5. API Considerations
ristretto255 is an abstraction which implements a prime-order group,
and ristretto255 elements are represented by curve points, but they
are not curve points. The API needs to reflect that: the type
representing an element of the group SHOULD be opaque and MUST NOT
expose the underlying curve point or field elements.
It is expected that a ristretto255 implementation can change its
underlying curve without causing any breaking change. The
ristretto255 construction is carefully designed so that this will be
the case, as long as implementations do not expose internal
representations or operate on them except as described in this
document. In particular, implementations MUST NOT define any
external ristretto255 interface as operating on arbitrary curve
points, and they MUST NOT construct group elements except via
decoding and the one-way map. They are however allowed to apply any
optimization strategy to the internal representations as long as it
doesn't change the exposed behavior of the API.
It is RECOMMENDED that implementations do not perform a decoding and
encoding operation for each group operation, as it is inefficient and
unnecessary. Implementations SHOULD instead provide an opaque type
to hold the internal representation through multiple operations.
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6. IANA Considerations
This document has no IANA actions.
7. Security Considerations
The ristretto255 group provides higher-level protocols with the
abstraction they expect: a prime-order group. Therefore, it's
expected to be safer for use in any situation where Curve25519 is
used to implement a protocol requiring a prime-order group. Note
that the safety of the abstraction can be defeated by implementations
that do not follow the guidance in Section 5.
There is no function to test whether an elliptic curve point is a
valid internal representation of a group element. The decoding
function always returns a valid internal representation, or an error,
and allowed operations on valid internal representations return valid
internal representations. In this way, an implementation can
maintain the invariant that an internal representation is always
valid, so that checking is never necessary, and invalid states are
unrepresentable.
8. Acknowledgements
Ristretto was originally designed by Mike Hamburg as a variant of
[Decaf].
The authors would like to thank Daira Hopwood, Riad S. Wahby, and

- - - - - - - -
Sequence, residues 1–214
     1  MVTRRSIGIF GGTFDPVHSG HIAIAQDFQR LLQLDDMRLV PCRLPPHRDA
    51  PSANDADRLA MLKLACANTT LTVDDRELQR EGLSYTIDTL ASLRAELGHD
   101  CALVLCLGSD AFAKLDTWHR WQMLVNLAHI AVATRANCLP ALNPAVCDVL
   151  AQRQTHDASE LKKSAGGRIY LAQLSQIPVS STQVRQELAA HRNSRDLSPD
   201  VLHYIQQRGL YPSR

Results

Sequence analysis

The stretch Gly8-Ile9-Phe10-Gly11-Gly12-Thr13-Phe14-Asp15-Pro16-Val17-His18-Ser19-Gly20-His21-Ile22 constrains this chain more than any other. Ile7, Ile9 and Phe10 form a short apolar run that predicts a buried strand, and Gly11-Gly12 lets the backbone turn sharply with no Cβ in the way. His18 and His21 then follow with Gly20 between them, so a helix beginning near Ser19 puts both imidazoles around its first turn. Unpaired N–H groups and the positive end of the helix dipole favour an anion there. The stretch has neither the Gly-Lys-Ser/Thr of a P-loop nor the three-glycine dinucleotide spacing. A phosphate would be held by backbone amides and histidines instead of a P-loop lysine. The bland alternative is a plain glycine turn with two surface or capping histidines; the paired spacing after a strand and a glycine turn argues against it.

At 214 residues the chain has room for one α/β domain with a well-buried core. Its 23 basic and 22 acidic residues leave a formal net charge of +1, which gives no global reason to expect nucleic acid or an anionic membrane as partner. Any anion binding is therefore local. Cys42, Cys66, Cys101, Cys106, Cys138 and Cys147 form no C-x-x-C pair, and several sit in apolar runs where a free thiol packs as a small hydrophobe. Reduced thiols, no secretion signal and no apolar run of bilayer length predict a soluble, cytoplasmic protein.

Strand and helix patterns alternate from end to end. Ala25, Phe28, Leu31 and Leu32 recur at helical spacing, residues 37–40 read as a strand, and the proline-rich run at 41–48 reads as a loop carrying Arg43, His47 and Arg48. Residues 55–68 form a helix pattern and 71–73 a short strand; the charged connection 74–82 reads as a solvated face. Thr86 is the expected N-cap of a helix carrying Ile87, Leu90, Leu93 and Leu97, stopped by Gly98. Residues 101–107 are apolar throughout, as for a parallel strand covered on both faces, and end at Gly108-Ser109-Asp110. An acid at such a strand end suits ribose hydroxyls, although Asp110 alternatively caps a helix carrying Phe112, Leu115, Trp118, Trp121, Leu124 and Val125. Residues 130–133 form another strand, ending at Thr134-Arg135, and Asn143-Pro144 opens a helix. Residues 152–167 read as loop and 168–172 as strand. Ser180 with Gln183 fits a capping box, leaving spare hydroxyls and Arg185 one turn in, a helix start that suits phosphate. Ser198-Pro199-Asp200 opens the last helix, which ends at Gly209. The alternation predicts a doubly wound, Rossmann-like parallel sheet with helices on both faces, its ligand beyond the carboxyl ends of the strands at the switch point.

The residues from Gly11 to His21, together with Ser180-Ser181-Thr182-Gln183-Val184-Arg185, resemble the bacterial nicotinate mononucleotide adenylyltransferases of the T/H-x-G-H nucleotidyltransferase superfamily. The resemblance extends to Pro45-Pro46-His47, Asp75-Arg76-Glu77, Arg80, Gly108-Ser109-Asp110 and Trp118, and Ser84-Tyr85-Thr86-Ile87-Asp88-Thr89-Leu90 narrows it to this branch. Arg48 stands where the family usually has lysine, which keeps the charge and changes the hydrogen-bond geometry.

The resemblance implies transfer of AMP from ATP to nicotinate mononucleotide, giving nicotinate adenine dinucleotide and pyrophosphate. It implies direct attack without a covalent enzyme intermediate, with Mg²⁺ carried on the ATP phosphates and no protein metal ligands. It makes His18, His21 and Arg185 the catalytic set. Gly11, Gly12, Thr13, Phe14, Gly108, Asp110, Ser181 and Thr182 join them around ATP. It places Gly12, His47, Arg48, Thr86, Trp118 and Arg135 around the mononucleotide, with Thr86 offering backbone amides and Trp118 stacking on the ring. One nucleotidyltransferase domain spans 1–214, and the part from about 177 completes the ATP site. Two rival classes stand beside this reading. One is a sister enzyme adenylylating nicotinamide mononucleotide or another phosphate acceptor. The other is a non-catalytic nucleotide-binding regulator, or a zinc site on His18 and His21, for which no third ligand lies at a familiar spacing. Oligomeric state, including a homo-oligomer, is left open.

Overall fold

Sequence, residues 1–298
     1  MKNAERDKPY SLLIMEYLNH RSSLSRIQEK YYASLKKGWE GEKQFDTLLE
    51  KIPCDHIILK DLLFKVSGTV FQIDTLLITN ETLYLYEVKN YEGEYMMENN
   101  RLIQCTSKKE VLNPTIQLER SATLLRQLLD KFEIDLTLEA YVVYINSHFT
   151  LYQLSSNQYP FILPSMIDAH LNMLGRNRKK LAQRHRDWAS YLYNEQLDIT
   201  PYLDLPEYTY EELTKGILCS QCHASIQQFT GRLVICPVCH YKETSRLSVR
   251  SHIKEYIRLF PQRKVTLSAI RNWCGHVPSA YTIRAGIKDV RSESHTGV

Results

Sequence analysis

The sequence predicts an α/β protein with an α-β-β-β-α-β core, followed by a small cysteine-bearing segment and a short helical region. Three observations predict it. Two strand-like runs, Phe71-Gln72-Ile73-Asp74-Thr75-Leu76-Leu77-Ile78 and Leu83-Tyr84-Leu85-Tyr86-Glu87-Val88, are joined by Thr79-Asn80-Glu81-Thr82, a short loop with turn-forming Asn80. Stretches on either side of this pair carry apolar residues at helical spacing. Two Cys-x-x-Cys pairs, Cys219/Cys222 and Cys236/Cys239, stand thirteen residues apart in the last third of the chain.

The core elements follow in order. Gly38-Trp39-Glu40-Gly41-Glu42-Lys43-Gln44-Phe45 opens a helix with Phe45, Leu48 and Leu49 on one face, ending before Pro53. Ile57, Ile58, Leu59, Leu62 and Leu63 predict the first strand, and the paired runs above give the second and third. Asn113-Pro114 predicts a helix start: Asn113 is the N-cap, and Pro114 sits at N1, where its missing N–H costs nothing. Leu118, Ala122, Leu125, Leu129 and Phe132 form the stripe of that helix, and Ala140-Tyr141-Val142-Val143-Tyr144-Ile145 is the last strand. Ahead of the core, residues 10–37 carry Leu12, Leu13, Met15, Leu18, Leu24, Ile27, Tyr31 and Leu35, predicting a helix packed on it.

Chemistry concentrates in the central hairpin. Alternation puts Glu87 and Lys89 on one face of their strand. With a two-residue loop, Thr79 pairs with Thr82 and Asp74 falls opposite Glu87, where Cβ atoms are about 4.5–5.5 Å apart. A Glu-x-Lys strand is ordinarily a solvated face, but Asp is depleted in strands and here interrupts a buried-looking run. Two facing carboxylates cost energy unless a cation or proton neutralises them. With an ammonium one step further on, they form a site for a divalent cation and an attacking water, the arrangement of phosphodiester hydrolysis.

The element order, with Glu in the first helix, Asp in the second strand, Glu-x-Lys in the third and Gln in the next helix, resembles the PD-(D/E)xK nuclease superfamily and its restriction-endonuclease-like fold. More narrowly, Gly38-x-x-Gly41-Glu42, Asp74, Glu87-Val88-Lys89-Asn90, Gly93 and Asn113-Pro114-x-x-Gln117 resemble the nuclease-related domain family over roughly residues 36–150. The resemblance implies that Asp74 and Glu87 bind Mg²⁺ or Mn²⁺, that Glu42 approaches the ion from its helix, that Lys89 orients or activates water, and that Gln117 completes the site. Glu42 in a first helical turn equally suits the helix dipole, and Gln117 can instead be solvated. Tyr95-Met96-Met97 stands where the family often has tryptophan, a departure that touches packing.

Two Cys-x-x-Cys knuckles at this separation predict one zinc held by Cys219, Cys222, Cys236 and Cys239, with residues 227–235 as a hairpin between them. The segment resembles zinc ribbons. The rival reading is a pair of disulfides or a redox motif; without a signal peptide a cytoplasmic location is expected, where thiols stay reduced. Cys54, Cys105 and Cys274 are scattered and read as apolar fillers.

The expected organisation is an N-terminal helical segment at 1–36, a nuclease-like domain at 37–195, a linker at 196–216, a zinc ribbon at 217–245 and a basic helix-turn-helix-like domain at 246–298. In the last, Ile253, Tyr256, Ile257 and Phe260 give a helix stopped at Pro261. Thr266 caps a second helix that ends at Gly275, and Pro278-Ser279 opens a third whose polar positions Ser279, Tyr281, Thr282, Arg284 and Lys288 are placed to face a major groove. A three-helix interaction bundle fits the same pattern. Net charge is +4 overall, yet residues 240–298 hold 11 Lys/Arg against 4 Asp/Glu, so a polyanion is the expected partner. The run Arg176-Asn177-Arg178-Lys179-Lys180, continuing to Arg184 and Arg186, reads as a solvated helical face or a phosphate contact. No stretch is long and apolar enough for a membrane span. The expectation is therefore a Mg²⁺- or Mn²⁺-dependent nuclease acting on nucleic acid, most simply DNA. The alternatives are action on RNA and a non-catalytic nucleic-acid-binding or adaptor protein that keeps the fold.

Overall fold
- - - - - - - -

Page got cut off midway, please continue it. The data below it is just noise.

Chris Wood for their comments on the draft.
9. Normative References
[RFC2119] Bradner, S., "Key words for use in RFCs to Indicate
Requirement Levels", BCP 14, RFC 2119,
DOI 10.17487/RFC2119, March 1997,
.
[RFC8174] Leiba, B., "Ambiguity of Uppercase vs Lowercase in RFC
2119 Key Words", BCP 14, RFC 8174, DOI 10.17487/RFC8174,
May 2017, .
10. Informative References
[Naming] Bernstein, D. J., "[Cfrg] 25519 naming", 2014,
.
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[Twisted] Hisil, H., Wong, K. K., Carter, G., and E. Dawson,
"Twisted Edwards Curves Revisited", 2008,
.
[Decaf] Hamburg, M., "Decaf: Eliminating cofactors through point
compression", 2015,
.
[RFC7748] Langley, A., Hamburg, M., and S. Turner, "Elliptic Curves
for Security", RFC 7748, DOI 10.17487/RFC7748, January
2016, .
[RFC8032] Josefsson, S. and I. Liusvaara, "Edwards-Curve Digital
Signature Algorithm (EdDSA)", RFC 8032,
DOI 10.17487/RFC8032, January 2017,
.
[Monero] Nick, J., "Exploiting Low Order Generators in One-Time
Ring Signatures", 2017,
.
Appendix A. Test vectors
This section contains test vectors for ristretto255. The octets are
hex encoded, and whitespace is inserted for readability.
A.1. Multiples of the generator
The following are the encodings of the multiples 0 to 15 of the
canonical generator. That is, the first line is the encoding of the
identity point, and each successive line is obtained by adding the
generator to the previous line.
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B[ 0]: 00000000 00000000 00000000 00000000 00000000 00000000 00000000 00000000
B[ 1]: e2f2ae0a 6abc4e71 a884a961 c500515f 58e30b6a a582dd8d b6a65945 e08d2d76
B[ 2]: 6a493210 f7499cd1 7fecb510 ae0cea23 a110e8d5 b901f8ac add3095c 73a3b919
B[ 3]: 94741f5d 5d52755e ce4f23f0 44ee27d5 d1ea1e2b d196b462 166b1615 2a9d0259
B[ 4]: da808627 73358b46 6ffadfe0 b3293ab3 d9fd53c5 ea6c9553 58f56832 2daf6a57
B[ 5]: e882b131 016b52c1 d3337080 187cf768 423efccb b517bb49 5ab812c4 160ff44e
B[ 6]: f64746d3 c92b1305 0ed8d802 36a7f000 7c3b3f96 2f5ba793 d19a601e bb1df403
B[ 7]: 44f53520 926ec81f bd5a3878 45beb7df 85a96a24 ece18738 bdcfa6a7 822a176d
B[ 8]: 903293d8 f2287ebe 10e2374d c1a53e0b c887e592 699f02d0 77d5263c dd55601c
B[ 9]: 02622ace 8f7303a3 1cafc63f 8fc48fdc 16e1c8c8 d234b2f0 d6685282 a9076031
B[10]: 20706fd7 88b2720a 1ed2a5da d4952b01 f413bcf0 e7564de8 cdc81668 9e2db95f
B[11]: bce83f8b a5dd2fa5 72864c24 ba1810f9 522bc600 4afe9587 7ac73241 cafdab42
B[12]: e4549ee1 6b9aa030 99ca208c 67adafca fa4c3f3e 4e5303de 6026e3ca 8ff84460
B[13]: aa52e000 df2e16f5 5fb1032f c33bc427 42dad6bd 5a8fc0be 0167436c 5948501f
B[14]: 46376b80 f409b29d c2b5f6f0 c5259199 0896e571 6f41477c d30085ab 7f10301e
B[15]: e0c418f7 c8d9c4cd d7395b93 ea124f3a d99021bb 681dfc33 02a9d99a 2e53e64e
Note that because
B[i+1] = B[i] + B[1]
these test vectors allow testing the encoding function and the
implementation of addition simultaneously.
A.2. Invalid encodings
These are examples of encodings that MUST be rejected according to
Section 4.2.1.
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# Non-canonical field encodings.
00ffffff ffffffff ffffffff ffffffff ffffffff ffffffff ffffffff ffffffff
ffffffff ffffffff ffffffff ffffffff ffffffff ffffffff ffffffff ffffff7f
f3ffffff ffffffff ffffffff ffffffff ffffffff ffffffff ffffffff ffffff7f
edffffff ffffffff ffffffff ffffffff ffffffff ffffffff ffffffff ffffff7f
# Negative field elements.
01000000 00000000 00000000 00000000 00000000 00000000 00000000 00000000